You can only presume HARRAH’S OFFICIALS are breathing a sigh of relief — after having pimped the tourney as the biggest deal, it makes a much better story to give the title to an immigrant who came to America to save his family from war and turned to poker as a way to make good while AMERICAN IMMIGRATION BUREAUCRACY futzed around with his ability to earn a living.

Had JOHN HANSEN won, the story would’ve been about a relatively unknown bad-ass from the NEW YORK hardcore poker underground. Less savory.

Speaking of LEGALLY QUESTIONABLE poker players, did you know drug kingpin JIMMY CHAGRA — released from prison earlier this year — played in the SENIORS EVENT?

He was on “Talkin’ Trash” with BRIAN WILSON just a couple days ago. [via Gary Wise on 2+2.]

JEFFREY POLLACK did a little semi-live blogging from the HORSE final table. Maddest props to the Commish — not only for letting us know what he heard from the poker-players town hall, but also for providing his first-ever outbound link. Puts him on a short-list of people who just-might qualify for Pokerati posting privileges some day. We’ll be watching as he continues to cut his Wicked blogging chops.

In the meantime, The Jeffster tells us:

1. There is insufficient play in the middle levels of limit games and too much in the beginning.

2. There are some instances where the color-up process isn’t being handled correctly.

3. The tent is not a comfortable place to play.

4. There needs to be more room between the spectators on the ropes and the players.

5. The next day’s breaking order should be posted when an event ends for the night.

6. We need to improve media access to final tables.

7. The sequestered tables are tough to cover for the media and follow for the fans.

8. Tournament clocks should be more visible.

9. The Amazon Room is too cold.

10. We should continue and better publicize escort service to the parking lot late at night.

Yesterday’s “other” bracelet went to a guy named SAIF AHMAD, who won the $2,000 Limit Hold’em event with relative ease.

View from the rooftop of Pokerati’s VEGAS EDGE bureau:

ERIC ROSENBERG poses an interesting question on his new-ish blog — about why official poker “stats” don’t subtract known tournament buy-ins from “winnings.” The WSOP, of course, has records of every bracelet-bound buy-in … so it could be done. Likewise, they bar-code initial seat cards, so it’s theoretically possible to provide PokerNews or whoever with the basic info on every single player whose chips they try to track.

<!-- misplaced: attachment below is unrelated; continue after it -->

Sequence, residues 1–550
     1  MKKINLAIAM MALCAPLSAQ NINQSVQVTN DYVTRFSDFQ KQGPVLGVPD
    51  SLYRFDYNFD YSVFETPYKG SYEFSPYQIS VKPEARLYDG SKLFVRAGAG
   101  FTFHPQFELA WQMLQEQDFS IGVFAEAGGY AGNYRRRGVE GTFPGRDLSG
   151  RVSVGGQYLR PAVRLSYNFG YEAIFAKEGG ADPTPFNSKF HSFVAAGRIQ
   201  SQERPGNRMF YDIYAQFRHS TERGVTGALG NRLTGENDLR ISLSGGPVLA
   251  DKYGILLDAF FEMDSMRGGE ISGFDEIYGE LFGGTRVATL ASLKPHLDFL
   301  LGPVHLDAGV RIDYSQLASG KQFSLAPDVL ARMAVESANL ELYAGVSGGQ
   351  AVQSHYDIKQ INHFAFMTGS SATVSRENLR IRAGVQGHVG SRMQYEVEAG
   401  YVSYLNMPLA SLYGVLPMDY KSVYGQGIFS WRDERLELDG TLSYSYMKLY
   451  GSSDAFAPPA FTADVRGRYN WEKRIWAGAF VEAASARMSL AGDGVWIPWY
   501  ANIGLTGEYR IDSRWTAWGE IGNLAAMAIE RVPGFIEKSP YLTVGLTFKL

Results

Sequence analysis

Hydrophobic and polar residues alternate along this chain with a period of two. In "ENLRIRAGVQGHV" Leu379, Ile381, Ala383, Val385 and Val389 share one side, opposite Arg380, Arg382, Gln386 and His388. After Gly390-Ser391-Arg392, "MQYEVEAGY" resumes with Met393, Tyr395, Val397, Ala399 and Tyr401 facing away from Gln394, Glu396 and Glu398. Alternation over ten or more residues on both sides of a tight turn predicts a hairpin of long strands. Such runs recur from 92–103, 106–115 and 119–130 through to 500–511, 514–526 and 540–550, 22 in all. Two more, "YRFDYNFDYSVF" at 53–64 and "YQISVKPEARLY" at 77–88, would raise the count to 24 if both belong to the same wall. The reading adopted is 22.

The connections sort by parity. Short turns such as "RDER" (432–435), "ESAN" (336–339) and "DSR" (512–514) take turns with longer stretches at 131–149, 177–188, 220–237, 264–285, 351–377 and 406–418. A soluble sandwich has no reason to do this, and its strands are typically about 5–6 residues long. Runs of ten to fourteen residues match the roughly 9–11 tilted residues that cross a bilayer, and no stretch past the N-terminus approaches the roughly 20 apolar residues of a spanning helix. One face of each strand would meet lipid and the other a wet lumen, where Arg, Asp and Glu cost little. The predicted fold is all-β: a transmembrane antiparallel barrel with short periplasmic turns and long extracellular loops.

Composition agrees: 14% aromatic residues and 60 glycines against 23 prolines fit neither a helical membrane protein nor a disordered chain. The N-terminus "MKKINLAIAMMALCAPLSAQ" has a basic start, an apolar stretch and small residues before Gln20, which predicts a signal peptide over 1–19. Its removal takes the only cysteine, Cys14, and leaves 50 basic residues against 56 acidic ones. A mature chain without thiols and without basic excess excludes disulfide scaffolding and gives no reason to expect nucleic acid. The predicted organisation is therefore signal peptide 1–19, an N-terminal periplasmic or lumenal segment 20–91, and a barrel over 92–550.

Maybe next year?

Rosie has also spurred further conversation about BACKING-DEAL DISCLOSURE — specifically as it pertained to BILL CHEN’S WSOP-approved chip-dumping agreement. It’s not about gratuitous rabble-rousing so much as it is about decisions that will affect the future of poker, regardless of what they are.

So the $1,000 7-Stud Hi Lo continues today. Pokerati’s own TOM SCHNEIDER sits down with 4,300 chips. We’ll find out if North Texas pokerer DAMON RAMIREZ is still alive. And DOYLE BRUNSON takes his second stab at bracelet #11 with 10,700 chips. Pokerati fantasy man STEVE WONG also ain’t too far behind.

Follow the 7-Stud Hi Lo action today here.

Today’s other tournament action:

Day 1 of $2,000 No Limit Hold’em
Day 2 of the $5,000 World Championship of Short-handed No-Limit Holde’m.

And the final table for $2,000 Omaha Hi Lo gets underway, with at least one familiar professional face, who will see if he can hold on to the chip lead.

Seat 1- Martin Corpuz, Jr. 292,000
Seat 2- Ming Lee 373,000
Seat 3- Mitch Maples 70,000
Seat 4- Thang Luu 238,000
Seat 5- Jess Robinson 255,000
Seat 6- Frankie O’Dell 318,000
Seat 7- Marcel Luske 427,000
Seat 8- Marvin Ryan 104,000
Seat 9- Stuart Paterson 58,000


by , Jun 20, 2007 | 11:10 am

LAS VEGAS–Good morning. I’m just getting ready to go to bed. The sun’s been up for just a few hours, and it’s already over 100 degrees. But inside the Rio … about negative 64. So friggin’ cold, especially in the cash-games area, from whence I just came. They cool down the Amazon Room and surrounding hallways overnight in preparation for the onslaught of warm poker bodies that arrive each day a little before noon … and/or to sell more WSOP sweatshirts.

Anyhow, late last night, Pauly was up bouncing around the Amazon Room in his off-time and Otis had just re-arrived back in town. I had work to do, of course, but the three of us had yet to find time to geek out all pokerbloggy since arriving at the 2007 WSOP, so it was time to make time … and off to the Hooker bar we went. Inspiring and refreshing, to say the least, as we traded poker-blog war stories, tales of SEO, and reminisces about the “good ole days” of 2006.

We must have been appearing to have too much fun, because a few drinks into it all, we were joined by a traveling WSOP circuit dealer, Brian “the Rookie” Wilson, Otis’ friend Mark, and Jim McManus, who was a little down on his game.

“I make way more from writing these days than I do playing poker, that’s for sure,” he said. Funny how just a year ago this exact same sentence might have a completely different meaning.

As the night whittled on, Pauly left us to go whip up a poignant recap of yesterday’s crazy yet meaningful action, as Otis, Mark and I returned to the Amazon Room to play poker. You can always count on a few drunks to sit down at the dwindling WSOP cash tables at about 4 in the morning to keep the chips flying, and last night that was us. Not surprisingly, the three of us would rebuy several times playing $2/$5 NLH, and within a couple hours, collectively we were stuck nearly $2,500, at which point I switched to coffee.